Beach Information

Buzzards Bay Beaches & Contamination Info

General Beach Information

There are 310 miles of beautiful scenic coastline along Buzzards Bay (see Note 1). But where do people go swimming? Well on any hot summer day, you will find many beach front property owners on their private beaches, but more likely residents will be swimming at one of the public beaches or resident association beaches in the map shown below. Some of these beaches are larger or more popular than others. Without question, the most popular and well populated beach in the Buzzards Bay watershed is the Horseneck Beach State Reservation in Westport. With its fine sands and heavy surf, on a hot summer day, 25,000 people or more can be found on the beaches surrounding Buzzards Bay. On the Cape Cod side of Buzzards Bay, Old Silver Beach in North Falmouth is perhaps the most popular.

Beach key

Click on a dot for more information about that beach.


Raft in Buttermilk Bay during the mid 1980s. Just one place to swim Buzzards Bay.

Raft in Buttermilk Bay during the mid 1980s. Just one place to swim Buzzards Bay.


Beach Ownership, Public and Private Beaches

There are 13.4 miles of public beaches (municipal and state owned) in Buzzards Bay, with an additional 31.9 miles of “semi-public” beaches (see Note 2). Semi-public beaches include some large tracts of state, municipal, and private conservation coastal lands where the public may have some right to use, beach association and community beaches, private pay-to use beaches, club and resort beaches, and other stretches of coastline where more than a single owner is allowed use. Many of the semi-public areas are not open to the general public. The rest of coastline is privately owned, generally to the low tide mark.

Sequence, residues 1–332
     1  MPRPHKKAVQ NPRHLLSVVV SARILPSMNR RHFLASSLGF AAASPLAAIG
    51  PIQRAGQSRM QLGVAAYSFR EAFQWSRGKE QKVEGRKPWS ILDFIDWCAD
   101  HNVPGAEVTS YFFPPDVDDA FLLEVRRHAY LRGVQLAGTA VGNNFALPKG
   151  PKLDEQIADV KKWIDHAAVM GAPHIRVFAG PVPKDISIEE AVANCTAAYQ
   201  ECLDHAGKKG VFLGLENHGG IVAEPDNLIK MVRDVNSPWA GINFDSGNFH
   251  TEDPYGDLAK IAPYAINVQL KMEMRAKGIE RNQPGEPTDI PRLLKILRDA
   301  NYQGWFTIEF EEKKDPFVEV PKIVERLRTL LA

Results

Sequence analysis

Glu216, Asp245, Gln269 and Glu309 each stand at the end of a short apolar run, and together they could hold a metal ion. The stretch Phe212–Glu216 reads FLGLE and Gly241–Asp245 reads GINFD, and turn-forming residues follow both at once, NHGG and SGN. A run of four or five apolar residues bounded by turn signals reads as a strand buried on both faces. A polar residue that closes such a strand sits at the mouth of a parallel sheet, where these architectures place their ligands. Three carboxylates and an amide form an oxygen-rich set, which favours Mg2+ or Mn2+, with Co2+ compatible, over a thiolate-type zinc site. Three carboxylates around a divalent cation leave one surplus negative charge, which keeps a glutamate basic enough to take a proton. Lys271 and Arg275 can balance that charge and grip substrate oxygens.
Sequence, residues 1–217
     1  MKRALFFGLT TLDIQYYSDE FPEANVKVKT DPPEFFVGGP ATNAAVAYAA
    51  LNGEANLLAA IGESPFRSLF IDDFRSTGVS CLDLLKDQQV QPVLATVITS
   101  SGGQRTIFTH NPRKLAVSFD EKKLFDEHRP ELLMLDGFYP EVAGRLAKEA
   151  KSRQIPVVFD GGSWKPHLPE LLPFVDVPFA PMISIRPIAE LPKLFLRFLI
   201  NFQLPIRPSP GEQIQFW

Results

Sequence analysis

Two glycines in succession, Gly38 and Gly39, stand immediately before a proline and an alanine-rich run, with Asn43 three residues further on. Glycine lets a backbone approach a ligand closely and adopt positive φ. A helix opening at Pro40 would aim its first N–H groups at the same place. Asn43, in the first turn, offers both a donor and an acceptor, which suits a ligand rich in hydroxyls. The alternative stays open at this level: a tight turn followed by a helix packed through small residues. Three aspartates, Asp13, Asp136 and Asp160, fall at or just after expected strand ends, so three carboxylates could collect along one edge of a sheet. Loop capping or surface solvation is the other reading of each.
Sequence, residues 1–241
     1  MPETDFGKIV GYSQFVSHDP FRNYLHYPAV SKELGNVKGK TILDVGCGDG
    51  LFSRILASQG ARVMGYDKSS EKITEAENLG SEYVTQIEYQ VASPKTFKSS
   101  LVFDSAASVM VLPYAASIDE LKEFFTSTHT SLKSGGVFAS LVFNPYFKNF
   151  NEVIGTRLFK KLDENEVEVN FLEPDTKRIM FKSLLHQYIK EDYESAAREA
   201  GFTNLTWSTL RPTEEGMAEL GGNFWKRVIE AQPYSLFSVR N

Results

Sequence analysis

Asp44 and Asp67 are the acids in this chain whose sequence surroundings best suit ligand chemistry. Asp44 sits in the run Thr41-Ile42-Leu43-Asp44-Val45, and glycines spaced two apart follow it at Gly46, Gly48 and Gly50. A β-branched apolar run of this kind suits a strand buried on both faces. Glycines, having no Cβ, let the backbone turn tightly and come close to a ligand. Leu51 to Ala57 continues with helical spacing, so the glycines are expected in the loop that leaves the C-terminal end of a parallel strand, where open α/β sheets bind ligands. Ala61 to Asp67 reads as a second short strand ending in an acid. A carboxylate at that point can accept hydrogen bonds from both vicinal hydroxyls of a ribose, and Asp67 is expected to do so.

Massachusetts is one of five states (see note 3) with property ownership to the low tide mark. More information on the origins of this, and public rights in the intertidal zone in Massachusetts can be found on our Public Access to the Coast page, and Massachusetts Coastal zone Management’s Public Rights Along the Shoreline page.  Please see the additional references and cases described at this website:  Massachusetts Law about Beach Rights.

Beach Access and Fees

Beaches owned by cities, towns, and the state are open to any member of the public (see our Public Access Page for more information). However, to park at a municipal beach parking lot, you may need a beach-parking sticker. Only two towns, Wareham and Falmouth, have daily fee beach parking lots. These are parking lots, with an attendant that allows anyone, including non-residents, to park at a beach parking lot for a fee. For example, at Old Silver Beach in Falmouth, anyone can park all day at the beach lot without a beach sticker for $20. The table below shows the fees in 2004 for Buzzards Bay towns. Call your town or city hall for the latest information.